My wife, Andy, has already posted a blog about this, but I felt I needed to tell my side of the story.
“We’re lost,” I could hear irritation creeping into her voice.
“No, we’re not,” I checked the compass against the map. “We’re definitely going in the right direction…trust me.”
“Maybe we should have followed those other people, they seemed to know what they were doing.”
Ouch! That hurt.
Thirty seconds later I was facing a vertical rock face in front of me and two sheer drops into abyssal ravines on either side.
“Hmmm, I don’t think this is the right path,” I mumbled, coming to the same conclusion that both Andy and Sue had reached twenty minutes earlier.
For the second time in two weeks we had ventured into the Anaga’s, this time to show our friend Sue, on holiday from the big smoke, the splendours of Tenerife’s most remote landscapes and a village with no roads. It was a folly. We’d walked the route to the very eastern tip of Tenerife once previously and had nearly expired that time due to misjudging water supplies and a barranco that never ended, but the scenery is stunning and we wanted Sue to see a Tenerife that very few visitors experience.
It all started pleasantly enough. The sound of Santana drifting up from Chamorga, a village at the end of Tenerife’s eastern road, added a suitably Latino soundtrack to the swathes of sugar cane and steep narrow terraces that lined the path, lending the countryside a South America aspect. The start of the trail was clearly signed and our directions seemed relatively straightforward…until we reached the first junction. Sure there was a sign, but it was completely rusted over and the barely legible name on it didn’t match the one on my map. However, the path we were on was the only decent one we’d seen, so we decided to continue onwards and upwards through the musty laurisilva forest.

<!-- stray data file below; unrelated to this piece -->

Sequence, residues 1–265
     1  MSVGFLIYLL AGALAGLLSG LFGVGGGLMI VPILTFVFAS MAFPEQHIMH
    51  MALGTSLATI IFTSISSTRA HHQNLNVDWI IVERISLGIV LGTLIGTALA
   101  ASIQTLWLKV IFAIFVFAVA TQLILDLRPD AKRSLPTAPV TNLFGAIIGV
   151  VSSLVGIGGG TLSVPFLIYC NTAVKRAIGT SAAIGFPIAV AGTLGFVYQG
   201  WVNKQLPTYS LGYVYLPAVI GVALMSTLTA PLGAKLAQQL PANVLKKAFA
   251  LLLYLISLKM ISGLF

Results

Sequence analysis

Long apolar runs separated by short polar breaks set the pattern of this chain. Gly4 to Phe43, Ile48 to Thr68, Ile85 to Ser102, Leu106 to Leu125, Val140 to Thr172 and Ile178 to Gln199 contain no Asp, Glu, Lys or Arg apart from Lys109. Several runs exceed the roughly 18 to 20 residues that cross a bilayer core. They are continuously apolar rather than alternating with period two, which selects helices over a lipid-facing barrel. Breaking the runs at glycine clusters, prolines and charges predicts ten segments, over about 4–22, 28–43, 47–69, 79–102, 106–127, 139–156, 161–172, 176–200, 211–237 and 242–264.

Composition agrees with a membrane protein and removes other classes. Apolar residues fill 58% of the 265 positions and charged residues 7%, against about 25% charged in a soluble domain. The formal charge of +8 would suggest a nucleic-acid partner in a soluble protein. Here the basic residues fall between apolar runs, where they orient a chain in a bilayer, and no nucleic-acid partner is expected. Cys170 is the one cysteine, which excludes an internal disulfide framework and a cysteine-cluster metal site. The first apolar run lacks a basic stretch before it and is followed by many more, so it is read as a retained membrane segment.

Fifteen minutes later and an alarm bell went off in my head; we seemed to be heading away from the coast rather than towards it. However we always carry a compass, just for moments such as these. I lined up north with the compass printed on the map and set the reading to east, the direction we should have been travelling. The path we were on was heading in the opposite direction.
With much mumbling and grumbling and Andy and Sue behaving like a couple of ‘doubting Thomasinas’, muttering things like ‘this doesn’t look like a real path’, to which I retorted, under my breath of course, ‘this is the great outdoors my friends…it doesn’t have pavements’, we retraced our steps and took a much smaller path which led due east (the right way).
An hour and a half, having fought our way along numerous paths, all of which started promisingly and ended suddenly, we emerged at a clearing – right above the village where we’d started. An hour and a half of walking and we’d travelled a big fat zero miles in terms of distance.
There was only one thing for it. We abandoned the walk, returned to the car and drove to the troglodyte hamlet of Chinamada instead. My reputation as walking guide, tracker and expert map reader in tatters.
As navigator and map holder, I was held responsible for the debacle which I felt was a tad unfair for two, no three reasons:
- We were using an officially produced walking map. These are nearly always almost useless. Directions are more guidelines, the author clearly never having actually completed the walk.
- The route on the map clearly didn’t exist anymore, despite the map being less than two years old (see above).
- This is the killer. There was a compass on the map, but get this, the cardinal direction of the compass bearing which pointed to the top of the page was not the usual north, but east so, not having noticed this, my readings had been wrong from the off.
Needless to say, I was not the most popular person in the Anaga Mountains that day. Thank you very much map makers of Tenerife.